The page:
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Cambridge University Science Magazine
We are in the middle of a mass extinction event. Conservationists spend enormous amounts of time and resources trying to minimise the number of species lost. Extinctions, both human-caused and otherwise, are by no means unique to this period in time, but the current pace and scale set today apart. Most writing on the subject assumes everyone to agree that biodiversity should be conserved. But is this really the case? And at what cost? Why should we bother to conserve biodiversity?

A huge number of species are indispensable to us, and for these, the benefits of conservation are clear. For example, 35 per cent of global food production depends on pollinators. Studies on coffee – one of the most valuable exports of developing countries – have shown the importance of both a diverse range of bee species and proximity of the plantation to natural forest for successful pollination and crop yield. Therefore, there is an indisputable case for conserving targeted areas and species. But surely if a species is economically valuable, self-interested groups will ensure its survival and there is no need to worry about conservation. History suggests otherwise.

The plant ‘silphion’ was an extremely important herbal contraceptive and medicine with a critical role in the ancient Cyrenean economy. It was so important that it appeared on coins of the time. Despite this, silphion mysteriously became extinct; in this case, self-interest alone could not protect even the most important of species. Whole groups of people have died out because they took too much from their environment; the famous collapse of the entire Easter Island civilisation is one example. It is clear then that efforts to conserve economically important species should still be a priority, but what about species with no clear use or economic value?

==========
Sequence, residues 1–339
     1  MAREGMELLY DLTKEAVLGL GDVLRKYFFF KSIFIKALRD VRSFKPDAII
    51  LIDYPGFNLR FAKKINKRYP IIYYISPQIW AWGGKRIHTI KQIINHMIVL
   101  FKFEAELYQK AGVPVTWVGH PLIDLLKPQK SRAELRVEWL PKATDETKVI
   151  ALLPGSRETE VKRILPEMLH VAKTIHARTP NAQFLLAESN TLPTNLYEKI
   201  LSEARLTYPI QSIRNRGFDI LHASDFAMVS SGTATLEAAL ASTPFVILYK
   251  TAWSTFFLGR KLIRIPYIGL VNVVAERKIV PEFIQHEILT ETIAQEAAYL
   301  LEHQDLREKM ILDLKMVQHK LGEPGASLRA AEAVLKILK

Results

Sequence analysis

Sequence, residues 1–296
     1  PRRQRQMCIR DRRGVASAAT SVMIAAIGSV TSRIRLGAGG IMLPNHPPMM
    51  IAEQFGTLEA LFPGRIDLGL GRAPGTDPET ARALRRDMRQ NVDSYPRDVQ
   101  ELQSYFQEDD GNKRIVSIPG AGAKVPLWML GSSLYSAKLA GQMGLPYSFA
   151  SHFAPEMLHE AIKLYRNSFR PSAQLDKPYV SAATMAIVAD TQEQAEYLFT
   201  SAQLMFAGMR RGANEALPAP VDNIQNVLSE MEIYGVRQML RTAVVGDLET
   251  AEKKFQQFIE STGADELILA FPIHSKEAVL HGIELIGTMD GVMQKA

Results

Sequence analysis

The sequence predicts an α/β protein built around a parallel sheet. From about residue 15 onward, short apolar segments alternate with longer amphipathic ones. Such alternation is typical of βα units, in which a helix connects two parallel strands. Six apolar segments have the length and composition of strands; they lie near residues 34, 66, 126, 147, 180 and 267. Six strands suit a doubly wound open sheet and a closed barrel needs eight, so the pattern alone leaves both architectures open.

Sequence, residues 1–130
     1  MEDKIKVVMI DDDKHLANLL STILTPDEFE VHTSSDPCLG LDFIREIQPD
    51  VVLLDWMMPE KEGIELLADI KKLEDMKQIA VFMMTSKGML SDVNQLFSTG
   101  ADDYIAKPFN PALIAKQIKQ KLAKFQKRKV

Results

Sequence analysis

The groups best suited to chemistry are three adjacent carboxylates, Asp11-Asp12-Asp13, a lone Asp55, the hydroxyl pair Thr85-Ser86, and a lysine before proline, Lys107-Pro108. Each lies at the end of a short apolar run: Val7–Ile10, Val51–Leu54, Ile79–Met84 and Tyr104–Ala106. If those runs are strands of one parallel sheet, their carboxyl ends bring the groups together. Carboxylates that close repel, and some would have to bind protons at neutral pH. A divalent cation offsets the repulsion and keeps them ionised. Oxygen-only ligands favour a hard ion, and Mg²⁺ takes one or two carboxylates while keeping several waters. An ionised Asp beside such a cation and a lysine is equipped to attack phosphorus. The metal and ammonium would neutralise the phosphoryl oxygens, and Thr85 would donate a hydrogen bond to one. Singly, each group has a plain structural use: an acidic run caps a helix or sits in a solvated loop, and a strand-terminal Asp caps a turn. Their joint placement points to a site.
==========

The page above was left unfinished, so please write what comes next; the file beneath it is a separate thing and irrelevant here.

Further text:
Many efforts to conserve species that are not indispensable to humans are still shaping and changing the environment for our own purposes. For example, charity funding for conservation often focuses not on species of any material value to humans, but on those that we are simply fond of. This targeted conservation just skews biodiversity in favour of organisms that we like. While the loss of such species is saddening, does it warrant the resources required to save them?

For me, conservation should be put in its global context. The most concerning aspect is not the intrinsic loss of biodiversity, which will always bounce back, but the consequences of this loss for humans. The complexity of ecosystems and interdependence makes it difficult to determine the value of each species; the loss of apparently insignificant species can have drastic consequences for others, which may be more valuable to us. For this reason, the value of any organism can not be underestimated. But sometimes this value is less than the cost of conservation; in these cases, conservation of biodiversity should be balanced with other concerns, and resources should be directed towards projects that more clearly benefit mankind.

Imogen Ogilvie is a 3rd year undergraduate in the Department of Zoology